The following is an excerpt from Practice Perspectives: Vault's Guide to Legal Practice Areas.
Lynn K. Neuner, Partner, and Jacob Lundqvist, Associate—Litigation
Lynn Neuner is a senior litigation partner with substantial experience in securities, insurance, false advertising, and other complex commercial litigation matters. Named one of Benchmark Litigation’s “Top 10 Female Litigators in America” and “Top 100 Trial Lawyers,” Lynn has secured wins in cases ranging from a complex credit-default swap litigation on behalf of Hovnanian Enterprises to a significant Second Circuit victory on behalf of Pfizer in a longstanding false advertising battle to a critically important pro bono lawsuit on behalf of United States veterans. The recipient of dozens of awards and honors, including Crain’s “Leading Women Lawyers in NYC,” Lynn was honored in 2018 as a “Distinguished Leader” by the New York Law Journal. She graduated from Yale Law School in 1992 and from Williams College, summa cum laude, in 1989.
A native of Sweden, Jacob Lundqvist is a junior litigation associate and has worked on a broad range of matters on behalf of Valeant Pharmaceuticals, Versum Materials, and the Natural Resources Defense Council. Jacob obtained a B.A. from Yale, summa cum laude, Phi Beta Kappa, in 2015. In 2018, he graduated from Stanford Law School, where he was an editor of the Stanford Law Review, and also obtained a Master of Laws, with distinction, from the University of Vienna.
Describe your practice area and what it entails.
Lynn: I was trained as a generalist and still am to this day. In a market with increasing specialization, I chose to remain a diversified commercial litigator, and the breadth of cases I handle has made my practice both fascinating and professionally rewarding. My work involves counseling clients daily on a wide variety of legal issues and advising on the best course of action when matters become embroiled. Court is my home away from home, and I’ve handled dozens of trials and appeals in state and federal courts throughout the country, guiding cases through fact and expert discovery and related motion practice. I work very closely with my corporate partners and am regularly brought in to advise on litigation-related concerns in connection with major corporate transactions.
Jacob: Like Lynn, I am also a generalist. My work runs the gamut, from performing document review to drafting letters and briefs to conducting research. In my pro bono cases, I handle everything from the ground up, counseling clients directly and managing all aspects of the litigation.
What types of clients do you represent?
Lynn: Our clients include large financial institutions, pharmaceutical companies, mega insurers, tech giants, domestic manufacturers, and individual directors and officers. Over the past few years, I have represented TD Bank, Pfizer, Travelers, Bayer, Merck, Hovnanian, Weight Watchers, Avianca Airlines, CorpBanca, Ingersoll-Rand, and Hay Island Holdings, to name a few. Pro bono work is also a significant priority; I represent a group of United States veterans in a major lawsuit challenging the years-long delays in VA resolution of disability benefits appeals.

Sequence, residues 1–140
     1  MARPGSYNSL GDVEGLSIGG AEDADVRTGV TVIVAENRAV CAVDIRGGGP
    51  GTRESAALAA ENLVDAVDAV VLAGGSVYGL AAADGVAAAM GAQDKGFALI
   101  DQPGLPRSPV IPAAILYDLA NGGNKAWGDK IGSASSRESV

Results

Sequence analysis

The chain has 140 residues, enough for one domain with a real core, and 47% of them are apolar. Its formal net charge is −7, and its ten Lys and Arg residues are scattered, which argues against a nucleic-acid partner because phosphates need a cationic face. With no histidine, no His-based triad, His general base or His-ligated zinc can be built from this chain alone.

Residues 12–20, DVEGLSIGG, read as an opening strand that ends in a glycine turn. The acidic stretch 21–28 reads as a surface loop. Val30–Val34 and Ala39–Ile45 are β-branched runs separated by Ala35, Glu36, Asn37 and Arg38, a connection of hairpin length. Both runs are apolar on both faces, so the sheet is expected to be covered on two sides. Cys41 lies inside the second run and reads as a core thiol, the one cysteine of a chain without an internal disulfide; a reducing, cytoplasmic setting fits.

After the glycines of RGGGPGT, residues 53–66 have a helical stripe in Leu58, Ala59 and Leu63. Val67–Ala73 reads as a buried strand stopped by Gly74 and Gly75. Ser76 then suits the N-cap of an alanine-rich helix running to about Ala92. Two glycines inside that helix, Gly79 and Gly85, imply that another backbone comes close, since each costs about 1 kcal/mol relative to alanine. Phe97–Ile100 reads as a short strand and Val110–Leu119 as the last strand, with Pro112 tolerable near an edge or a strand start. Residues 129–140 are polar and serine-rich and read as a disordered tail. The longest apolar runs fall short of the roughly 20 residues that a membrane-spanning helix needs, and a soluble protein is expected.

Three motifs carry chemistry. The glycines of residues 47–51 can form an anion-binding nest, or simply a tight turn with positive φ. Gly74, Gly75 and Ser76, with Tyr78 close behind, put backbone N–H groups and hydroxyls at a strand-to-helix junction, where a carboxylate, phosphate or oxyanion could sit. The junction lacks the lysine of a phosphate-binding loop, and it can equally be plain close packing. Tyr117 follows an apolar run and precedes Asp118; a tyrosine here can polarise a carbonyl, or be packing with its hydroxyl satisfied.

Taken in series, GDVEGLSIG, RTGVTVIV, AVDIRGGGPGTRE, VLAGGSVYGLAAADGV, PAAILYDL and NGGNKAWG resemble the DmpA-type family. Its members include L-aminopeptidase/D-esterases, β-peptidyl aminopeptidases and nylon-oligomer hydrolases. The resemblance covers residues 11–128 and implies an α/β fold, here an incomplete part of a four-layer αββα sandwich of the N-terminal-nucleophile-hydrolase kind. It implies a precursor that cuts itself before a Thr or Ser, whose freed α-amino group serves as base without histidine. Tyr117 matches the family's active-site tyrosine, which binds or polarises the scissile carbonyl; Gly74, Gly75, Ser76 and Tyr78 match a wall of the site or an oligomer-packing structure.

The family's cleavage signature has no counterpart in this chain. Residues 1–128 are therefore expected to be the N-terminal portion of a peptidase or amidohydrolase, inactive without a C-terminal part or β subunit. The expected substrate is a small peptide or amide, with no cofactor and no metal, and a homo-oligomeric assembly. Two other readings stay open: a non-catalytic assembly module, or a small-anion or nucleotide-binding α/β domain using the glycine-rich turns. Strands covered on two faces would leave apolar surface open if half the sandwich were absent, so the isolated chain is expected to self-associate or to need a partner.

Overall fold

Jacob: Since I arrived at the firm in 2018, I’ve worked on litigation matters on behalf of Valeant Pharmaceuticals; Versum Materials; and NN, Inc. In addition, I’ve represented the Natural Resources Defense Council and individual clients seeking unemployment insurance from their former employers on a pro bono basis.
What types of cases/deals do you work on?
Lynn: I regularly handle all kinds of high-end corporate disputes and contract entanglements, including shareholder litigations, M&A disputes, insurance coverage matters, and false advertising disputes. I also represent pharmaceutical clients that manufacture over-the-counter brands like Advil and Claritin in false advertising disputes, which is a lot of fun.
One case I’m working on now is on behalf of The Toronto-Dominion Bank in connection with the Stanford International Bank litigation, alleged to be the second-largest Ponzi scheme after Madoff’s. Roughly $7.5 billion was lost through an Antiguan bank, which sold certificates of deposit to about 24,000 investors across the globe. We successfully defeated a class certification initiative that sought to certify a global class of investors, and we are now focused on a receiver litigation. Dozens of depositions are currently taking place across several continents.
Jacob: I’m working on a complex securities litigation involving Valeant Pharmaceuticals, and I’m also representing the Board of Pacific Gas & Electric in litigation arising out of wildfires in Northern California. In addition, I’ve worked on several internal investigations on behalf of clients in various industries. Having a diverse practice from day one has been very stimulating.
How did you choose this practice area?
Lynn: Litigation was a natural fit for my passions and abilities. I enjoy reading, analytical thinking, creative problem-solving, and writing. Litigation allows me to deploy my studious tendencies in a more extroverted way, through communication with the court, jury, clients, and adversaries.
Jacob: The advocacy part of litigation is what drew me to this practice area. I enjoy learning a new set of facts and analyzing them to determine what is at the core of the dispute. I also enjoy digging into the law to make the best possible case for our clients.
What is a typical day like and/or what are some common tasks you perform?